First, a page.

In addition to serving as a collaborative training site for other EPISD teachers, Cabrera plans to replicate the Mesita-Vilas language school and create an innovation network of schools (like Beacon Schools in Denver) to help other struggling elementary schools implement the Mesita dual language program. Cabrera’s long term plan is to create opportunities for other districts to learn from and share in the success at Mesita.

The National Picture

Almost five million students across the U.S. were English Language Learners in the 2013-2014 school year--nearly 10 percent of the overall student population. By 2030, 40 percent of all elementary and secondary students could be “language minority students.”

With the 2015 passage of ESSA, the federal government has made teaching ELLs a priority through stronger accountability provisions and the authorization of additional funding. Secretary of Education John King said, “States have the opportunity to invest in ensuring that all new teachers are ready to work in the diverse settings that characterize our schools, and to see the fact that a child speaks a language other than English at home as an asset rather than as a deficit.”

ELLs are less likely to graduate (63% compared to 82% in 4 years) but there is evidence that given the right supports, bilingual and multilingual students perform better academically over time. Studies show within four to five years bilingual students typically outperform their peers that are in peers that are in one language classrooms.

This Getting Smart podcast featured two Washington state school districts who have innovative plans for supporting English Language Learners and also touches on the importance of getting families, communities and policy makers on board to support dual language education.

There is research to support the strengthening of native language while also learning a new language. The bilingual and biliterate movement is growing, for learners as early as pre-kindergarten all the way to graduating from high school. There is an important role that parents, community members, businesses and policymakers can play in understanding the importance of bilingual education.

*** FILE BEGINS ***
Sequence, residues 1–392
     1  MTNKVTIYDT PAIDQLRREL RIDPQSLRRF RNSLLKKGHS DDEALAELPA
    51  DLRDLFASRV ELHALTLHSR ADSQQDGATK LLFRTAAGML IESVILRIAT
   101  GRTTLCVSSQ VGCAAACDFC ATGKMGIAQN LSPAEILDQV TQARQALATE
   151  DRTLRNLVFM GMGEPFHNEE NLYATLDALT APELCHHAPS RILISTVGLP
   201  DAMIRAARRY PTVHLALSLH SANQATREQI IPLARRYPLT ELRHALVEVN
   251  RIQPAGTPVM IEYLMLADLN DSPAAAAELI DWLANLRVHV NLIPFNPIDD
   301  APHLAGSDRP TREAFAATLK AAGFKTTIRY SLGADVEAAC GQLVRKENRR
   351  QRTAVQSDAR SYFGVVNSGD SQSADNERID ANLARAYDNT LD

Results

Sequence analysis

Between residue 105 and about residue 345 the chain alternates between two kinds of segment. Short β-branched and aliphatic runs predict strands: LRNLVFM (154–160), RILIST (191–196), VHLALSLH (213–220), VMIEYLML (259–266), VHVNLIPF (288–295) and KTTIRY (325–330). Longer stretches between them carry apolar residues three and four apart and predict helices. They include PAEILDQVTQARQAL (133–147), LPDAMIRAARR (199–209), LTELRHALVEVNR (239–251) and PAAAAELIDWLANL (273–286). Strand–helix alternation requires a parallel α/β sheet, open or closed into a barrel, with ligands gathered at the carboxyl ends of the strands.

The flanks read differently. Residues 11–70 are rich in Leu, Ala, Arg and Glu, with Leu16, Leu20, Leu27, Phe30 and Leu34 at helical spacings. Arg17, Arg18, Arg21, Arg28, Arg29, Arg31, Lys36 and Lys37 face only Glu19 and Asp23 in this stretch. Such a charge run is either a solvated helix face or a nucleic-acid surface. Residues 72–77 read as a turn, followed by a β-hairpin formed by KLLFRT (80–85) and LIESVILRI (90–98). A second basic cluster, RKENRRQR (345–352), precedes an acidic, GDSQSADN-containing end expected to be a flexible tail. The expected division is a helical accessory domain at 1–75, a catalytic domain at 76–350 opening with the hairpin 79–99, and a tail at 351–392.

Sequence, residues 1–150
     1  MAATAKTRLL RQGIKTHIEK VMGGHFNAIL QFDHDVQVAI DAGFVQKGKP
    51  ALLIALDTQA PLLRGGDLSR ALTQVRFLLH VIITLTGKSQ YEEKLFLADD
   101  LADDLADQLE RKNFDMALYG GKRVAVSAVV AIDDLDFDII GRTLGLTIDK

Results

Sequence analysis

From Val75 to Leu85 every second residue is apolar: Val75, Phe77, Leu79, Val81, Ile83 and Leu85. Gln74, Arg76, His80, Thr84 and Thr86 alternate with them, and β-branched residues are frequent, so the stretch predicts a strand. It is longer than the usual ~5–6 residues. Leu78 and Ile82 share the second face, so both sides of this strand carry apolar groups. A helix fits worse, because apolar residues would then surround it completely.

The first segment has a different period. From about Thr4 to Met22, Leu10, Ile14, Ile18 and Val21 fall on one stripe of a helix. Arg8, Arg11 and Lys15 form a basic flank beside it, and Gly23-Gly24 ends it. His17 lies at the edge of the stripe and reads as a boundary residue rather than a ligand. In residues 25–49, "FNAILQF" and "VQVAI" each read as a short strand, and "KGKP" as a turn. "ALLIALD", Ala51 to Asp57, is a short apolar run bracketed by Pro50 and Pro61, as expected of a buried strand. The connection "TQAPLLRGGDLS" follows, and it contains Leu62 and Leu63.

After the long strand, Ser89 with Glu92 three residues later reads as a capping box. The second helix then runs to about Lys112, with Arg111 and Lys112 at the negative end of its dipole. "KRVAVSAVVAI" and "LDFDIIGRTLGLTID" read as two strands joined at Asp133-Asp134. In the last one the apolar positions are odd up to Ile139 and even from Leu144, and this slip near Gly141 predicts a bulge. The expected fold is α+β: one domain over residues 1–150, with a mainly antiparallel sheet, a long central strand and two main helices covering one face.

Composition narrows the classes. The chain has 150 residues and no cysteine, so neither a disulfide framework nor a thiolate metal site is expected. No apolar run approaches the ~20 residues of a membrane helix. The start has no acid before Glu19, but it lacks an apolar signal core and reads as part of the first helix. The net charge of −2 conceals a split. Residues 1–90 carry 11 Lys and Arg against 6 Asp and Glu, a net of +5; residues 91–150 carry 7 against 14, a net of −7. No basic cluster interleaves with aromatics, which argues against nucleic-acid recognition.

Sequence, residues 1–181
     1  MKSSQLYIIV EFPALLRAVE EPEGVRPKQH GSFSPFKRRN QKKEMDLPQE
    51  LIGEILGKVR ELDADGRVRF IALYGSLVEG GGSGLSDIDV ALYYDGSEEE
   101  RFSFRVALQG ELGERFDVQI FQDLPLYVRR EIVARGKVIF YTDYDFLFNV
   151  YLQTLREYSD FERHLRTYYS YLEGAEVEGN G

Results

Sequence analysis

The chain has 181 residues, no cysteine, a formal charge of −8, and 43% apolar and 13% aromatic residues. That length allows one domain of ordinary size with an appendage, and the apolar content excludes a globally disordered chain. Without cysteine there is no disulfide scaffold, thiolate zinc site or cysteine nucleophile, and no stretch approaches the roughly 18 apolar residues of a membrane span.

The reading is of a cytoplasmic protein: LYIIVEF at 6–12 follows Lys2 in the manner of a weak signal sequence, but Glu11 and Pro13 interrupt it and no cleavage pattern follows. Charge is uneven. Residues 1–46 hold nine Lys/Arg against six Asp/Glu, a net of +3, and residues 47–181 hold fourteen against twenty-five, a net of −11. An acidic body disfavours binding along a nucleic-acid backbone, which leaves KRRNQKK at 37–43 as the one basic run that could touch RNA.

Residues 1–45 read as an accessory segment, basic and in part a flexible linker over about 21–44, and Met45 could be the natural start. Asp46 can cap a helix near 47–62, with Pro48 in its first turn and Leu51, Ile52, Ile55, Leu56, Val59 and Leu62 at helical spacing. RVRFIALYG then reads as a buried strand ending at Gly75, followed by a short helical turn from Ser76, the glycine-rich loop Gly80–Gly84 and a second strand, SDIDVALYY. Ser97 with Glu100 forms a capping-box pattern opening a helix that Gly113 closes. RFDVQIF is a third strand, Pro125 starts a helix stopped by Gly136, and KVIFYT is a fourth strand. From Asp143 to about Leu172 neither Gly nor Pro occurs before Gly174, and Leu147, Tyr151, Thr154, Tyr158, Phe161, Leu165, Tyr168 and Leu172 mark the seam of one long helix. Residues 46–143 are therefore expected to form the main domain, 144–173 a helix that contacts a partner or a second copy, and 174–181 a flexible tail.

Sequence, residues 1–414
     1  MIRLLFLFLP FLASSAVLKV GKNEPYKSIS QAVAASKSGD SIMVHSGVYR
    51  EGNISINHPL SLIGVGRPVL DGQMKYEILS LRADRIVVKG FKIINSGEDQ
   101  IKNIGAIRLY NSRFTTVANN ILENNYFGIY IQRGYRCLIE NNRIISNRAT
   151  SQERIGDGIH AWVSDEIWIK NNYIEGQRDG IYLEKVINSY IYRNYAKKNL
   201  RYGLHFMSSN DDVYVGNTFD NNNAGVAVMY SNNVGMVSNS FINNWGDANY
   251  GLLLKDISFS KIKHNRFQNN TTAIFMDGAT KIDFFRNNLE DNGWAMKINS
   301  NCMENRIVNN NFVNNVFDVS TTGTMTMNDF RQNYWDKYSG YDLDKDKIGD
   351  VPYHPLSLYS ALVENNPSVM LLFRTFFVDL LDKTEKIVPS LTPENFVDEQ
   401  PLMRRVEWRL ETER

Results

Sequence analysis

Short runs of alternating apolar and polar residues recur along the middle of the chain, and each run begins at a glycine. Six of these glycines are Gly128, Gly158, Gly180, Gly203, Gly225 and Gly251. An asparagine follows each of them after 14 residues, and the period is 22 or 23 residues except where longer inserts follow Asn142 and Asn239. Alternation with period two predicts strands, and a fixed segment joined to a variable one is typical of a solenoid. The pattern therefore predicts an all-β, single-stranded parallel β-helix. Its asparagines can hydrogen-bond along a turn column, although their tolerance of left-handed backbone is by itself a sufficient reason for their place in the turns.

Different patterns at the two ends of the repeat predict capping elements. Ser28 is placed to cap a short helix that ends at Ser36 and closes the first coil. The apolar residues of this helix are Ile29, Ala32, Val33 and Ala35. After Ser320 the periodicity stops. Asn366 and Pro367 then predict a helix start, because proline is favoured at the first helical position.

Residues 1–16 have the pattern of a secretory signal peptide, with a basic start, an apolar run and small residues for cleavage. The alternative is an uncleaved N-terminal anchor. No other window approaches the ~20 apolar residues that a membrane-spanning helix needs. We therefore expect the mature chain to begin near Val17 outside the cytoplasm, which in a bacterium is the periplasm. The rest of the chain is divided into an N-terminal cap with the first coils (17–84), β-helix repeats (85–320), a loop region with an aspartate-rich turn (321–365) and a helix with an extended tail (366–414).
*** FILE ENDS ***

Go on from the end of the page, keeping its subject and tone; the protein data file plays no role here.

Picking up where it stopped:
A recent report highlights promising tools and strategies for supporting English learners. It recommends that the growing commitment to dual language fluency requires increased investment in language tools and content.

“Dual language immersion programs support both native Spanish speakers and native English speakers in becoming bilingual, bicultural and biliterate,” according to VIF International Education, who helped launch Houston ISD dual language. “By learning core content through Spanish language and culture, Spanish-speaking students learn to appreciate their own heritages and English-speaking students acquire access to another language and culture.”

VIF work in Selma, North Carolina, suggests that “administrative support, meaningful student and teacher experiences and parent engagement. Effective communication between administrators, staff and parents can lead to greater understanding and support for students and their diverse needs; the integration of these factors fosters an environment that promotes academic success for all students.”

The opinions expressed in Vander Ark on Innovation are strictly those of the author(s) and do not reflect the opinions or endorsement of Editorial Projects in Education, or any of its publications.